The Aphelandra squarrosa, also referred to as the Zebra plant, gets its name from its unusual markings. These markings can often present as lighter stripes against the dark-green leaves, like how a zebra’s stripes contrast against its white body. And these plants are closely mimicked by the lines found on the Dracaena Goldieana, or the Zebra-Striped Dragon Tree.
With such similar names and appearances, it’s tricky to tell the two plants apart. These two plants also belong to the same plant family. Namely, the Acanthaceae family. This may explain why these two plants look so much alike.
The Zebra plant has thin, white, or light-yellow veins that run across the large, broad leaves. In contrast, the Dracaena Goldieana has dark-green stripes patterned across its light-green leaves. The Dracaena also usually has pointed leaf tips, while the Zebra plant has rounded ends. This shape gives the Zebra plant a more rounded appearance than the Goldieana.
4. Moses In The Cradle Plants
The Tradescantia Spathacea or Moses-in-the-cradle plant is a houseplant that looks exceptionally similar to Dracaena Trifasciata, more commonly known as Mother-in-law’s tongue. The Moses plant is kept indoors and outdoors, just like the Dracaena. But the indoor variety is much smaller and is easily mistaken for a different variation of an indoor variety of Mother-in-law’s tongue.
In reality, the Moses plant comes from the Commelinaceae family. Adversely, the Dracaena is part of the Acanthaceae family. The Dracaena also has more upright leaves with green and yellow coloring. The Moses plant may have the same patterns and leaf shape. However, they usually have a slight pink or purple hue around the leaves edges. They can sometimes also curl or bend downward.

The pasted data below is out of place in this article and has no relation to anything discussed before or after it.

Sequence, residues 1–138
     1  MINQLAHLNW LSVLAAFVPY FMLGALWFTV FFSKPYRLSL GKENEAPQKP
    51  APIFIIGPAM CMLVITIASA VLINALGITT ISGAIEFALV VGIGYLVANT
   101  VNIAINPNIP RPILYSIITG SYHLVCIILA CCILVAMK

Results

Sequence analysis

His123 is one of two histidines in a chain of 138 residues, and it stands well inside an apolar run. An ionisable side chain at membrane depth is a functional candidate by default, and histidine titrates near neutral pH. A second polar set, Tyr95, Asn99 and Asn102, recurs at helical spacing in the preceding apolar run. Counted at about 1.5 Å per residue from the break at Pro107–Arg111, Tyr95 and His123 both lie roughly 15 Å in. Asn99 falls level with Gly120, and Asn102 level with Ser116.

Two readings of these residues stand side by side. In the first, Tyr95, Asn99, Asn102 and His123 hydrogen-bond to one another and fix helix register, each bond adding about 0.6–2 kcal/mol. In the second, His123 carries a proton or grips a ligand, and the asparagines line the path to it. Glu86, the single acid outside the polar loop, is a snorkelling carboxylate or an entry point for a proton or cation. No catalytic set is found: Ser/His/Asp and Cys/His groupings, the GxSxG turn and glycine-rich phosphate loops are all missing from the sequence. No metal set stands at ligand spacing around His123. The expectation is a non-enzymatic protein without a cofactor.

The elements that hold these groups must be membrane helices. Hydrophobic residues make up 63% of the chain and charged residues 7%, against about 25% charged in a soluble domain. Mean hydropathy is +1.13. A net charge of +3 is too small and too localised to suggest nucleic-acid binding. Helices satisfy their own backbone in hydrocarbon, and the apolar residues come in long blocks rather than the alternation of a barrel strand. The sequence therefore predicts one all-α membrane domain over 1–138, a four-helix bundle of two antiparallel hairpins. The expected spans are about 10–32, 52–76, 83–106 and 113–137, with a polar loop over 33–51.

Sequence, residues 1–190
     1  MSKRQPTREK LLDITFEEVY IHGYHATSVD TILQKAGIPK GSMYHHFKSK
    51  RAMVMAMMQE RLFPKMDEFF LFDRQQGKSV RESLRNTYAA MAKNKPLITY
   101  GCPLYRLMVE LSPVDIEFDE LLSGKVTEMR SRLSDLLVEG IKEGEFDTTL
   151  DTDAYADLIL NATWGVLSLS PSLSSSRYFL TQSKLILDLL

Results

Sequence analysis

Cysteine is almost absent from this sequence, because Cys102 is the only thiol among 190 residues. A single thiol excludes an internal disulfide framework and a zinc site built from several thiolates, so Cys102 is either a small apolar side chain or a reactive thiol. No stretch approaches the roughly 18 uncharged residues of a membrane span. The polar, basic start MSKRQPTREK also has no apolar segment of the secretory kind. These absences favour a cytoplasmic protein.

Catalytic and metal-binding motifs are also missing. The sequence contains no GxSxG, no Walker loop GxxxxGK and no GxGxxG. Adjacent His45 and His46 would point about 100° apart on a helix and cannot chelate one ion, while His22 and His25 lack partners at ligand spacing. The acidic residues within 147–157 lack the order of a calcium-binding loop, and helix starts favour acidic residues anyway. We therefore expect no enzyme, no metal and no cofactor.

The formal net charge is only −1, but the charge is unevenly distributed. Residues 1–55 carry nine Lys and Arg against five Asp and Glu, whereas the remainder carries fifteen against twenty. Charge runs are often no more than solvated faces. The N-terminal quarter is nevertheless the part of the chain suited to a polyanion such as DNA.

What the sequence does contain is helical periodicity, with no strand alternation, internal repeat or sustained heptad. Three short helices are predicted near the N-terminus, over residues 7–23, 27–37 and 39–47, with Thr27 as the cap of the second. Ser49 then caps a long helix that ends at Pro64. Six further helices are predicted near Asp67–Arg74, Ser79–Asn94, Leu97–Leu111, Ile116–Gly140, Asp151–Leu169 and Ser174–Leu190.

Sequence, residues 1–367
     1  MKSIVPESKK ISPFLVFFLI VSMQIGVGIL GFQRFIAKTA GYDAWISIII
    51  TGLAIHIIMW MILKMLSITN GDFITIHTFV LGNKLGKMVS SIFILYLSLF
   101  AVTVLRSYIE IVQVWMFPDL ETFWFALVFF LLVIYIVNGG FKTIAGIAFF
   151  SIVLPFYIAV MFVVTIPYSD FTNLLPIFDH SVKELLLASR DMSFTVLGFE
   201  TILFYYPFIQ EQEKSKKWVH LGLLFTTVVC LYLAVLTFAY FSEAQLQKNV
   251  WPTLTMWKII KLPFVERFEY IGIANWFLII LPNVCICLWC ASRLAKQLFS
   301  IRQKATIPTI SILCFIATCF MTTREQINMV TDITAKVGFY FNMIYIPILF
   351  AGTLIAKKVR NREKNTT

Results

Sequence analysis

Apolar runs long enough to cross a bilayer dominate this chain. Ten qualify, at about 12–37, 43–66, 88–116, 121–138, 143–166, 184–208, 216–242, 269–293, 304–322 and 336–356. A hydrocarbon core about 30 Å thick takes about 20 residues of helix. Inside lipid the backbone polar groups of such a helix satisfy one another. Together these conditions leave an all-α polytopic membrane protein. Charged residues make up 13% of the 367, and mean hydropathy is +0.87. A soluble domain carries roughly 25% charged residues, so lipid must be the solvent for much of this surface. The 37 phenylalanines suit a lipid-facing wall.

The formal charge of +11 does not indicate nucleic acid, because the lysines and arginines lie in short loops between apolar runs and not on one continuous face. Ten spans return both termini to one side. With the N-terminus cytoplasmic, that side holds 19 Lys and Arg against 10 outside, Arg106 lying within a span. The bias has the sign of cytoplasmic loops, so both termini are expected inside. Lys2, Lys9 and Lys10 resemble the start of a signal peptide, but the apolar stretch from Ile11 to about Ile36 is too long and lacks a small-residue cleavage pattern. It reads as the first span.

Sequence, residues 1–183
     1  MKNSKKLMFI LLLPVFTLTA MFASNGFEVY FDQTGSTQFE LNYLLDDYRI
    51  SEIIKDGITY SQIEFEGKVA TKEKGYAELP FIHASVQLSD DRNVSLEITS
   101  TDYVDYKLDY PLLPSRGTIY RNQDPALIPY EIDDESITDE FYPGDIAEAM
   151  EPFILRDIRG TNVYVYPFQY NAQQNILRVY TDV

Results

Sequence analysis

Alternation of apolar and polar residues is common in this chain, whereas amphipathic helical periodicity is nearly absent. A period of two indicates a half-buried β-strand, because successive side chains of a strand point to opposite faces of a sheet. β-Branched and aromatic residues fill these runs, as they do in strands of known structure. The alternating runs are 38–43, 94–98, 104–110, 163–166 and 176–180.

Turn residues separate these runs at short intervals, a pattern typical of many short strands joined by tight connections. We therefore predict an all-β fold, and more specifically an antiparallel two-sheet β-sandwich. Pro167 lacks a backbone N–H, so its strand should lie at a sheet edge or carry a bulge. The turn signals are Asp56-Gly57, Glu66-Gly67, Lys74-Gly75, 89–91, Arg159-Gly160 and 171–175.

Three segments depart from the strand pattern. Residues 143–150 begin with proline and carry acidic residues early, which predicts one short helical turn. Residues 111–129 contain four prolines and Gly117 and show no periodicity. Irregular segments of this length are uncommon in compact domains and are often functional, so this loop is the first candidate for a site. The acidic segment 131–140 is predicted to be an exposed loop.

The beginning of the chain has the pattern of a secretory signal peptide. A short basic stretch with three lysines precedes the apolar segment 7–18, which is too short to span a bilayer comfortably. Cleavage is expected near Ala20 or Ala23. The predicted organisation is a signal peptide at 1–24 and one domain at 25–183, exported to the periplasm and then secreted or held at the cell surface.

When these plants are kept outdoors, they bare almost no resemblance. So it’s easier to tell the two of them apart. If you’re ever in doubt, check the coloring of the leaves. The color should help you correctly identify which plant you’re cultivating.
5. Bird’s Nest Fern
The Bird’s Nest Fern (Asplenium Nidus) is a popular indoor plant. Its bright-green, wavy leaves are tall and look beautiful in any home. But when you compare it side-by-side with Dracaena Fragrans ‘Limelight’ or the Limelight Dracaena, the two plants look like they come from similar plant families.
The difference between these two plants is more apparent if you study the shape and coloring of their leaves, as well as their size. The Dracaena has lighter leaves that aren’t as waved around the edges. It is also slightly bigger, with deep lines running across the surface of the leaves. The Bird’s Nest Fern is much smoother and darker.
The bottom of the Bird’s Nest is also raised, with the leaves starting higher up the stem than the Dracaena. The Dracaena’s bottom leaves start much lower and often droop down from the weight of the leaves above it. Lastly, the Dracaena also produces more foliage than the Bird’s Nest.
6. Century Plants
The last plant on our list is Agave Americana. This plant is more commonly known as a Century Plant and is a large indoor or outdoor plant with large, upright, spiked leaves. Of course, it’s not hard to see why Dracaena Reflexa or Song of India and this plant are confused.
Related: 6 Plants That Look Like Agave
The Dracaena also has long, upright leaves, although they typically have yellow and green variegation. They also lack the spiked edges that the Agave plant has, which makes it easier to identify which plant is which.
The Agave also has one solid trunk at the bottom of its stem. On the other hand, the Dracaena has multiple, thinner shoots that lead into the stems. Each branch also has a bushel of leaves, unlike the Agave, which stretches into one long leaf at the end of each branch.